Securing content in Yellowfin overview

by | Nov 19, 2014

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As usual I’ve been exploring, this time with security and working out a standard for securing content in Yellowfin. I thought I’d share a quick overview in case you’re thinking about how it works for your instance. There’s four parts for content security which makes it straight forward to manage on-going, once you’ve done the initial setup.
Users – http://wiki.yellowfin.com.au/display/USER71/Users
Like all other systems, users are an account per individual logging into Yellowfin. Each person should have a unique username and each user requires a license.

Roles – 
http://wiki.yellowfin.com.au/display/USER71/Roles
This is how you determine the permissions the user has overall in Yellowfin, although content permissions can be specified later in content categories. These roles specify whether a person is read-only, editor or administrator and custom roles can be set-up if you want to specify in more detail.

User Groups – 
http://wiki.yellowfin.com.au/display/USER71/User+Groups
This is the simplest way to group users. I’d suggest grouping by business unit or at least to the level you want to secure content to. E.g. ‘HR Report Readers’, ‘Finance Report Creators’ etc. This makes it really simple when you’re adding permissions to Content Categories, just bring in the group and manage the users through them.

Content Categories – 
http://wiki.yellowfin.com.au/display/USER71/Content+Categories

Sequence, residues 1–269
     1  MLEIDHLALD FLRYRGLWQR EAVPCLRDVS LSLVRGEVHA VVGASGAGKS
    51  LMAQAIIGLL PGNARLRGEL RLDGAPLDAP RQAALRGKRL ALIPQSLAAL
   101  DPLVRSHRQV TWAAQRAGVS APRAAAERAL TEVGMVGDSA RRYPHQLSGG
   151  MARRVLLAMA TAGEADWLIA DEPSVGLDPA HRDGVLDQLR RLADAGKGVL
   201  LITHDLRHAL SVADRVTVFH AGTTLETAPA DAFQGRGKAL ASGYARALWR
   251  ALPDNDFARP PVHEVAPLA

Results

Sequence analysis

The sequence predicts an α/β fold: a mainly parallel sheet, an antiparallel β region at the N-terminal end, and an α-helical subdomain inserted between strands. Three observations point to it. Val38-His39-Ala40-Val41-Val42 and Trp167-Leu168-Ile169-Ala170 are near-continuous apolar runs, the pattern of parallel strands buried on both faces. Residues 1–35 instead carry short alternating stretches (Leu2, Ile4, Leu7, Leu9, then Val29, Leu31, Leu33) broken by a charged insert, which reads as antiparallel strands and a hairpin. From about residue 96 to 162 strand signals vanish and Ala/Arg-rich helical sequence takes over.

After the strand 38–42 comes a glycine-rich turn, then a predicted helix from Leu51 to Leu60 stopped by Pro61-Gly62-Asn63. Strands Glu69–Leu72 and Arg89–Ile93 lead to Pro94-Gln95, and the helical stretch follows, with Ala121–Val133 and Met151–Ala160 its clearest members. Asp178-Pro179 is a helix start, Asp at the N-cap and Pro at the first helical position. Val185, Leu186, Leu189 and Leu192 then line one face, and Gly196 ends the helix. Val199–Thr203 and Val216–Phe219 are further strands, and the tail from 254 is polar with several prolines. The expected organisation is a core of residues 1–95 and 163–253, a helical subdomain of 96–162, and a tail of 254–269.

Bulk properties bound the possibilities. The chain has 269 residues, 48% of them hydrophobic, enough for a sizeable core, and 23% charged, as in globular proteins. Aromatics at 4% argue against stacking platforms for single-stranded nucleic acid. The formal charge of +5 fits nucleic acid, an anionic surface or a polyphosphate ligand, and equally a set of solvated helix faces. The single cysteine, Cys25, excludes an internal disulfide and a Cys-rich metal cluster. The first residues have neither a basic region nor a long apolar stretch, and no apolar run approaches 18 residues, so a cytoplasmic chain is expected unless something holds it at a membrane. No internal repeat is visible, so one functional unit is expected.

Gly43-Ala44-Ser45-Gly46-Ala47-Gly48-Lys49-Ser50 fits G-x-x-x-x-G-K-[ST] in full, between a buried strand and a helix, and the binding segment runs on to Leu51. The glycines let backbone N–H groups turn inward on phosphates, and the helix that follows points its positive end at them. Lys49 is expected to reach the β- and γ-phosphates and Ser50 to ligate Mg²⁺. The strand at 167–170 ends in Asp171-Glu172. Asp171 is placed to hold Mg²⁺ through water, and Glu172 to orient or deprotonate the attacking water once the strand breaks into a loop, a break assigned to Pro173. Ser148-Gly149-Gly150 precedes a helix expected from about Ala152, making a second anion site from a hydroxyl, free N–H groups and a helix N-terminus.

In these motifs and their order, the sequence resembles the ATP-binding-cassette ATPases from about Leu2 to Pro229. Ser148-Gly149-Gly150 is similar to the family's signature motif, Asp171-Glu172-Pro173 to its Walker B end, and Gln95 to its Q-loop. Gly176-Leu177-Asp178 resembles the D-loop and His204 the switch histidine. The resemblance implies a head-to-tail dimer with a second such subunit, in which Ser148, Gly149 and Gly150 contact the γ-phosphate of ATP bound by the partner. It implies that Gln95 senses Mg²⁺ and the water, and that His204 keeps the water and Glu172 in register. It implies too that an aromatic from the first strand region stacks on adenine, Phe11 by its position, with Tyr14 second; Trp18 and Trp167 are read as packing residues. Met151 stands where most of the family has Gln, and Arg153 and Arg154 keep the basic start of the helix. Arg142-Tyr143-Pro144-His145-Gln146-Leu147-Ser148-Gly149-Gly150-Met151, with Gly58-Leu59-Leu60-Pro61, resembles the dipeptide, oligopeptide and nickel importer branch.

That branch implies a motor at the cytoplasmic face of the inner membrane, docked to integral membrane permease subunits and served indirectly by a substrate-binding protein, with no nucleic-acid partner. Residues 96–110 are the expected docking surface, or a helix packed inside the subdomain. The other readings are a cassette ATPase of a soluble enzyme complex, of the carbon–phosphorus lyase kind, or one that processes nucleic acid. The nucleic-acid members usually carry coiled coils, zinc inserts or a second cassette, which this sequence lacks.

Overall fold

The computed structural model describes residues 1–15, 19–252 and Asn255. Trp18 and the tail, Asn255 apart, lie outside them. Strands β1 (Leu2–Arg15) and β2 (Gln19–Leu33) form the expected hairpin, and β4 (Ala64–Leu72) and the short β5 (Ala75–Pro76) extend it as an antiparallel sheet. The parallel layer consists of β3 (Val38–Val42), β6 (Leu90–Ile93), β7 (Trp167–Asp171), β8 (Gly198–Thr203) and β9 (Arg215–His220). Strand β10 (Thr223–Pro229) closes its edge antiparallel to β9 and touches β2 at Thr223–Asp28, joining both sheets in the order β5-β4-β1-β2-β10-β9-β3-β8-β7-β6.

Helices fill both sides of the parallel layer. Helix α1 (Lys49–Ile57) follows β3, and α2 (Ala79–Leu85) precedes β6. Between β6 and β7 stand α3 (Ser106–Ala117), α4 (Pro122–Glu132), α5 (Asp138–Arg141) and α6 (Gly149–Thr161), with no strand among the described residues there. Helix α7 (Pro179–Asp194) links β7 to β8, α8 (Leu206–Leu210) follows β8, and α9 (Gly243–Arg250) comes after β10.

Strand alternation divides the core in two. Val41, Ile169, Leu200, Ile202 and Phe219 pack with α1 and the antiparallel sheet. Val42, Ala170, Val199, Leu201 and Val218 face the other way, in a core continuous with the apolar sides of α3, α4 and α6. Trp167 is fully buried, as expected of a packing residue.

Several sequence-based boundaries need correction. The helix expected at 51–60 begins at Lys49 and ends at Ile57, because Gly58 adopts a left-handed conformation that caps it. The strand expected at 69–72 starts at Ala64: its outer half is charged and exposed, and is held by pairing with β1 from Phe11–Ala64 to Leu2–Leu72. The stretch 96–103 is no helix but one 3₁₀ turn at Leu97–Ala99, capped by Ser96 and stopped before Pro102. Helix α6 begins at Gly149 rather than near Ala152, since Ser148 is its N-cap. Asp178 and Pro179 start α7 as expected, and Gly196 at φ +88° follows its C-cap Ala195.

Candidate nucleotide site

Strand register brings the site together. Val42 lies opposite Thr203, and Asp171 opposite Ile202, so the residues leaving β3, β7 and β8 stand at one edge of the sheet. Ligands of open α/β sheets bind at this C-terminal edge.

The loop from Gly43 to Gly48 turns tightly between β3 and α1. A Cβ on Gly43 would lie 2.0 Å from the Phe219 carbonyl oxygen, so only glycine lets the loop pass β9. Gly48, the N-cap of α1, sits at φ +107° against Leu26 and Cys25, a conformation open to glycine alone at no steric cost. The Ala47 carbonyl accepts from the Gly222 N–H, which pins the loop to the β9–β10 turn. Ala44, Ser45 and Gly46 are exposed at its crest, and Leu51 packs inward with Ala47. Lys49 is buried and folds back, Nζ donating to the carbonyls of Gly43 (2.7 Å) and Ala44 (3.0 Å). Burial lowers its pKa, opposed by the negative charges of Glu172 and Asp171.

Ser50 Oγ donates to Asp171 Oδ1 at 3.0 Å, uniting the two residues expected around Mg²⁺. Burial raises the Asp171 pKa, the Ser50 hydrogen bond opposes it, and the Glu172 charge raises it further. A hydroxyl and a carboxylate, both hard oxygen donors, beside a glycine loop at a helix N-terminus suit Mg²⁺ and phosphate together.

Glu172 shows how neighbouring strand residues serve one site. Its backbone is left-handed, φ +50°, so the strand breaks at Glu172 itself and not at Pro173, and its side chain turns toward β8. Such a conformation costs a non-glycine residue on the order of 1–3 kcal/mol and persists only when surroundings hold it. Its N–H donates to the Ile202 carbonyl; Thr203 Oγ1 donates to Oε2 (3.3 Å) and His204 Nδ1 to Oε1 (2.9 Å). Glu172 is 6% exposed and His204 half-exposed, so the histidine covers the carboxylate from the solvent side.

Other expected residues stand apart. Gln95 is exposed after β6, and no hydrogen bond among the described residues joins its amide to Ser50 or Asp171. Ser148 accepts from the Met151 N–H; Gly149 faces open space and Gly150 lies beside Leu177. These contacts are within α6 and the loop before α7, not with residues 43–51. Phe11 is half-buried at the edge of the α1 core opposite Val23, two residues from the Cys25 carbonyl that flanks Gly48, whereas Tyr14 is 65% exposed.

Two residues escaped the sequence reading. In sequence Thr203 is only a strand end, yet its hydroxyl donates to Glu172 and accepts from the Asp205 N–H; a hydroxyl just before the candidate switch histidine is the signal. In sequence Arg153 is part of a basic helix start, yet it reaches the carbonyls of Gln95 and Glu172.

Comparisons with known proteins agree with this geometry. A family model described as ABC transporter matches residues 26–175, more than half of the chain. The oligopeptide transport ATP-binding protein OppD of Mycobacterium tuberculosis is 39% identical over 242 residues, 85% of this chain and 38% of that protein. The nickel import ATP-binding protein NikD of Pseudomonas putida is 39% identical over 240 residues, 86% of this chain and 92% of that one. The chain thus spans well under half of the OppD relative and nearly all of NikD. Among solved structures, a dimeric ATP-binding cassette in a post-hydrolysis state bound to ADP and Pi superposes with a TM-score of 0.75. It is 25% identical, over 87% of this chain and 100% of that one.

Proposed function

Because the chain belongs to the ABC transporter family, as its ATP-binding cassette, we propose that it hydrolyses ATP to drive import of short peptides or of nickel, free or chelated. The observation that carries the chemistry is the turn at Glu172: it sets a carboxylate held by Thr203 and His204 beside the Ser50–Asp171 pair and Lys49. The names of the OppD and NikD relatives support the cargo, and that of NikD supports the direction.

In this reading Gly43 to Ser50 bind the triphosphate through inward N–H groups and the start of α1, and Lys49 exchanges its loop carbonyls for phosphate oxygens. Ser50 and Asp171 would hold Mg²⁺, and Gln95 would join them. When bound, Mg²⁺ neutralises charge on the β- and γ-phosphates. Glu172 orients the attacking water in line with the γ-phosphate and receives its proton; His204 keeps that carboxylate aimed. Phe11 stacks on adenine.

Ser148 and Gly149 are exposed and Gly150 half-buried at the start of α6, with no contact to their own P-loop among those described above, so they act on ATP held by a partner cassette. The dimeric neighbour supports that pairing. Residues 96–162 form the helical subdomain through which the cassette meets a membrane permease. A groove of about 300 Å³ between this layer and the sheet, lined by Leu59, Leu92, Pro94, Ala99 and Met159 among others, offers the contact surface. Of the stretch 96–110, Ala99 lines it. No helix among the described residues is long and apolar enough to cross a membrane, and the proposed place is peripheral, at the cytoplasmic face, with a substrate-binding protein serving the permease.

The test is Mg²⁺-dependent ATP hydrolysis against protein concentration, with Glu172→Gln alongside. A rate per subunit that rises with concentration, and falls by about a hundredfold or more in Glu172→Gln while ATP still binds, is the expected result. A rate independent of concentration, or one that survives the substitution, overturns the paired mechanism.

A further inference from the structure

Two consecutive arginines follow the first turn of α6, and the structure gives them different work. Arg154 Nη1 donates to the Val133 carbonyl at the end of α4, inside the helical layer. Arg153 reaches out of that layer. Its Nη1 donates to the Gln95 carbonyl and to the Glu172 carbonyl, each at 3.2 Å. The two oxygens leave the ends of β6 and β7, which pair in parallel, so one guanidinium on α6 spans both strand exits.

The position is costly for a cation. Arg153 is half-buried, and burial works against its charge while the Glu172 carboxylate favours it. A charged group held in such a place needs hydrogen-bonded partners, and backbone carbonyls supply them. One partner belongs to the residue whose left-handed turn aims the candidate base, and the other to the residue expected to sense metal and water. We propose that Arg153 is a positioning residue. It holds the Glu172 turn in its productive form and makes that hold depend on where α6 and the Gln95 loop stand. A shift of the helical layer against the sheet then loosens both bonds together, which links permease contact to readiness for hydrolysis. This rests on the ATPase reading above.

This is the method for securing specific content, normally by a business unit or by any means you want to keep your content separate between users. Within a Content Category you can specify whether a user, role or group can access the content and the level of access they get.
 
Putting it as simply as I can, the method I’ve found for easy on-going maintenance is; a USER gets assigned a ROLE, one or more ROLES get added to a GROUP and GROUPS are assigned to the CONTENT CATEGORIES with their level of access specified. That means that when you set someone up, all you have to do is assign a role and the rest cascades through.
CONTENT CATEGORY > GROUP > ROLE > USER
If you’re after more info on each of the four parts, the links above should provide some guidance. If you have a different method that works for you, I’d be interested in hearing the alternatives.
 
Keep exploring! Daniel.

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